Annual Change Healthcare report assesses state of healthcare
Change Healthcare has released its ninth annual Industry Pulse Survey assessing the state of the industry.
Research for the report came from 185 healthcare leaders at high levels in their organizations, including providers, insurers, vendors and Change Healthcare customers, all of whom collaborate via the HealthCare Executive Group. The report is important, says Ferris Taylor, who oversees the executive group. “If traditional stakeholders aren’t able to transform healthcare, outside parties will.”
The report offers snapshots of issues such as market trends, population health, value-based care, consumer engagement, data analytics, risk sharing, social determinants and cybersecurity.
“As if insurance market changes, value-based care, consumerization and regulatory uncertainty were not enough, this year the industry is facing a new breed of market entrants and innovators whose impact remains unknown but could be substantial,” says David Gallegos, senior vice president of consulting at Change Healthcare.
“Healthcare is navigating disruptions on multiple fronts, and consequently, payers and providers are finding themselves stretched thin as they try to address a perfect storm of change,” he adds.
• Outside influences are intensifying as a confluence of forces such as people, processes and technology will require stakeholders to turn to new business and market strategies. In particular, watch for non-health entrants coming in the market with consumer-centric innovations that could accelerate patient engagement, report authors note.
• A healthcare market where the majority of value-based relationships include upside and downside shared risk continues to be three to five years away. This could be an indication that both providers and payers are struggling to move value-based care and reimbursement models from pilots to production.
• Consumers want better access, cost and convenience of care, which could bring in outside competitors skilled in providing a retail consumer experience.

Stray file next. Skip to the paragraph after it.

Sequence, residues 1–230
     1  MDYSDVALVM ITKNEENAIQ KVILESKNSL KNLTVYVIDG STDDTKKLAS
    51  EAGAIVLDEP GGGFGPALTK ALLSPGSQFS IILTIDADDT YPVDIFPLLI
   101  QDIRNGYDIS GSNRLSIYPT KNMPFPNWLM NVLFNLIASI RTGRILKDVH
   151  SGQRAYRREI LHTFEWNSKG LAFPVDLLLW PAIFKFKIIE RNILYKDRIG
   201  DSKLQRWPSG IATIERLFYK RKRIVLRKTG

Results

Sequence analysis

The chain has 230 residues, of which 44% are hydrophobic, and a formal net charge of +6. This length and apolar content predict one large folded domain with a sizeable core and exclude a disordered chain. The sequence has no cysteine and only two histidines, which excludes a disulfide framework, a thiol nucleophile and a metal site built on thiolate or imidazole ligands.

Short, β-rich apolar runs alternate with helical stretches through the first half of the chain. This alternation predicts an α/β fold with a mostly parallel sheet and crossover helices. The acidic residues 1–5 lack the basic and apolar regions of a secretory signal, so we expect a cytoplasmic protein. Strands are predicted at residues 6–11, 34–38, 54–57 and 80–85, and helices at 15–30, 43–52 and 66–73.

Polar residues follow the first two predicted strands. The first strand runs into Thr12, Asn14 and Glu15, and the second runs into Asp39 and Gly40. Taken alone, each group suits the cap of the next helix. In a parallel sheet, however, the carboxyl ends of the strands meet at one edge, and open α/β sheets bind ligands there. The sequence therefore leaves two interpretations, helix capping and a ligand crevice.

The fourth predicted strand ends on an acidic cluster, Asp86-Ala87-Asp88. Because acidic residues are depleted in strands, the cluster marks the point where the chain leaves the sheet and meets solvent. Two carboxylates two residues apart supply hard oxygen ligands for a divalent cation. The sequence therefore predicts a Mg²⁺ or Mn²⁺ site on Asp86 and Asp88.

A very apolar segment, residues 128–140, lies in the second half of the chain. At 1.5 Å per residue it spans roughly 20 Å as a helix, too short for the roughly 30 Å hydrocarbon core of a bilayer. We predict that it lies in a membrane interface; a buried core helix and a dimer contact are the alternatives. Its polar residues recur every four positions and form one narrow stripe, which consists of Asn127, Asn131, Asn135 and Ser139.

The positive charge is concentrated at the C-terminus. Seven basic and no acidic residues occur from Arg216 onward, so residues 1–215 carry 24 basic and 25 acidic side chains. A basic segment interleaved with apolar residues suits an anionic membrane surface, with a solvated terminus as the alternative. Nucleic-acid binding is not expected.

• Cybersecurity programs remain a lower funding priority despite escalating breaches and responding organizations remain unready. Forty percent of them cite the sophistication of attacks outpacing current prevention capabilities.
The report further gives snapshots of multiple issues, such as the need for financial incentives for data sharing.
Money makes the healthcare world go around and there remains an open question of what would motivate stakeholders to share data that helps drive clinical decisions. It’s all about financial incentives for data exchange, most healthcare leaders agreed. Value-based care includes monetary incentives tied to quality metrics and outcomes, compelling close payer-provider collaboration.
“In fact, collaboration and integration are where multiple respondents put the onus for incentivizing data sharing,” according to the report. “You can’t exchange data without integration and the prerequisite standards and interoperability. This directly ties into the recognition that payers and providers must find ways to integrate processes to share data and drive decision making.”
Cybersecurity is an area that may not be getting the attention and funds needed, but that may be in part because of a belief that the criminals are too smart to be countered. Consequently, sufficient cyber funds are an afterthought until there is a big data breach. Cybercrime is a moving target and hackers cannot be outwitted, a full 40 percent of respondents say.
Progress in the use of analytics was limited in 2018, which could have been related to issues around data sharing, the lack of standardized formats and concerns around privacy and data ownership. But overall, the industry continues to make better use of analytics to improve quality and outcomes, healthcare leaders say. For example, analytics is having its biggest impact on the effectiveness and efficiency of workflows, almost a third of respondents noted. Another 28 percent viewed analytics as effective in empowering more productive providers. However, industry leaders view analytics as being least effective in reducing healthcare costs.